If you're new to the topic, it will help to review the following terms:
- Lactose intolerance - Lactose is a type of sugar that is present in milk. People with lactose intolerance become uncomfortable after eating dairy products, with symptoms that can include nausea, cramps, bloating, gas, and diarrhea. Lactose intolerance is not life-threatening. In people with celiac disease, lactose intolerance often improves with adherence to the gluten-free diet.
- Milk allergy - In true milk allergies, people are allergic to either casein, or whey, or both. Casein and whey are two types of milk proteins. Casein is found in the curd of the milk, and whey is in the liquid part that remains after the milk has curdled. As with gluten, sources of these proteins can be obvious (such as milk, cheese, and yogurt) or hidden (for example: in processed foods such as “vegetarian” cheeses, "vegetarian" meats, cereals, and breads). Allergies to these proteins can cause hives, eczema, chronic congestion, and diarrhea. In extreme cases, milk allergies can be life-threatening.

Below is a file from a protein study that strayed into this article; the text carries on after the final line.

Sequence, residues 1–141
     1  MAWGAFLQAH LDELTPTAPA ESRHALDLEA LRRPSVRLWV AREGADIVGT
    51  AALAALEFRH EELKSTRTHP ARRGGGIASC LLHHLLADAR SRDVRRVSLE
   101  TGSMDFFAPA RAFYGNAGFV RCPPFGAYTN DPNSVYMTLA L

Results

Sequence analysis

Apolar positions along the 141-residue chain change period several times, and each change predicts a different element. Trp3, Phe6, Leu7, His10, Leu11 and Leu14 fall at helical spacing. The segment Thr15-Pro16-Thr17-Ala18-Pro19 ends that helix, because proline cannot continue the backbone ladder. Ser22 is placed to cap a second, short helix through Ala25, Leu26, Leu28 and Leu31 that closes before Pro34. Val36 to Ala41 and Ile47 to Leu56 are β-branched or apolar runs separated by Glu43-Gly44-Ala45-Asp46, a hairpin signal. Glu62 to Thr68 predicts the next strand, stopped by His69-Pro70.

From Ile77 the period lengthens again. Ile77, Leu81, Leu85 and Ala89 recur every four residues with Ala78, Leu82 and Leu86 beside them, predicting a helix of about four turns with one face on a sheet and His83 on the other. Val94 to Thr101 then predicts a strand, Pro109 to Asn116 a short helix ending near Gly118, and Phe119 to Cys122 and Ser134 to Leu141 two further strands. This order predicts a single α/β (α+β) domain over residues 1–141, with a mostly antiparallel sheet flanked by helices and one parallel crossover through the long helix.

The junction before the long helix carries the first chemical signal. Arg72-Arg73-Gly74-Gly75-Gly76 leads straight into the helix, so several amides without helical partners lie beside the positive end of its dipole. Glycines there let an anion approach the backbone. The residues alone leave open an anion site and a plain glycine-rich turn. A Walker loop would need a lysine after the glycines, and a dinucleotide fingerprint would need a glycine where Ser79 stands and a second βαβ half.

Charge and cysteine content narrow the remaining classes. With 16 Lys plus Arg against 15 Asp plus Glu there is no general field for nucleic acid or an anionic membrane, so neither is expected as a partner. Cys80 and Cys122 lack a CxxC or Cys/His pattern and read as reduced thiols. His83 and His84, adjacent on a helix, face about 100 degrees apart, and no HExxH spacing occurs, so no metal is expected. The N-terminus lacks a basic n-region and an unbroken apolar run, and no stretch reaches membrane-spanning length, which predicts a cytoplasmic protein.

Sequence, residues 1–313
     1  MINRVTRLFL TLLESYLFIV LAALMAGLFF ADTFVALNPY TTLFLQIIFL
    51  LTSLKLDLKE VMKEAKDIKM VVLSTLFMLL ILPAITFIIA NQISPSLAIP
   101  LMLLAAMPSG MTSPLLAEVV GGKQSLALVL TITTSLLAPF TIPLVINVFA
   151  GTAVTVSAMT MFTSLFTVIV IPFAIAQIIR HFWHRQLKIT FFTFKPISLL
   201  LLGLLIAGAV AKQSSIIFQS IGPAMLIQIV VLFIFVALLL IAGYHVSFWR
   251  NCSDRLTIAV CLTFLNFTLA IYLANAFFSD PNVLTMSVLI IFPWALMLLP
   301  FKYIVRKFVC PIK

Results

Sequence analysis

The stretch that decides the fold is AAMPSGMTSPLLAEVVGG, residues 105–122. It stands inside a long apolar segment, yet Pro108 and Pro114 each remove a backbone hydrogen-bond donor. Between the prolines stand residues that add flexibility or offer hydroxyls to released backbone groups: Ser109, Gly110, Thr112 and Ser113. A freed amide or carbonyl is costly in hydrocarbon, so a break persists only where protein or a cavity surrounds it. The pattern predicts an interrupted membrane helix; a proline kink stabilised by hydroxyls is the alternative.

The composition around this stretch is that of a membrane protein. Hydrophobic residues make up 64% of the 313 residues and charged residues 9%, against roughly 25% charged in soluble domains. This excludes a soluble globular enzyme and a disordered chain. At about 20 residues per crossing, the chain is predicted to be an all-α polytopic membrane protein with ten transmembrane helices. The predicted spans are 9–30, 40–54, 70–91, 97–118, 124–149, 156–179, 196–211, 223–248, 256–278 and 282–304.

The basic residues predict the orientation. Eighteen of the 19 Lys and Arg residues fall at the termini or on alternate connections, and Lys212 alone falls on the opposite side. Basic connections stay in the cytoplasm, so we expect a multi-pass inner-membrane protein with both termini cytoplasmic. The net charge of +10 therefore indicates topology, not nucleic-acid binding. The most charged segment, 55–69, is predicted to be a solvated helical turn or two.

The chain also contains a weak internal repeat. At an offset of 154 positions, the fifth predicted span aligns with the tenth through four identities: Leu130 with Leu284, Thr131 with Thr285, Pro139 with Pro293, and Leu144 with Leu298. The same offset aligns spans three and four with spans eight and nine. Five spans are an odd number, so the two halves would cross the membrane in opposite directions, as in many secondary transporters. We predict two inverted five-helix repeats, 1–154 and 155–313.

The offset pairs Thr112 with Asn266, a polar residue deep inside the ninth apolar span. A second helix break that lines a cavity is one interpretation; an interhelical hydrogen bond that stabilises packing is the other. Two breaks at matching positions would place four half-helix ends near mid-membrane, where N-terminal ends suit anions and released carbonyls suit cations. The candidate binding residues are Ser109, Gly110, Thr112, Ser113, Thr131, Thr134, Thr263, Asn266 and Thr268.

Interest in the combined gluten-free/dairy-free diet is not limited only to people with celiac disease. Many parents of children with autism have reported that their children benefit from avoiding gluten and casein, even in the absence of celiac disease. (For more information, see Gluten-Free Cassein-Free (GFCF) Diets and Autism.)
On the next few pages, you'll find lists of websites, blogs, mailing lists, and more. If you know of any more resources for this list, please post a note in our celiac disease forum and I'll add the information here.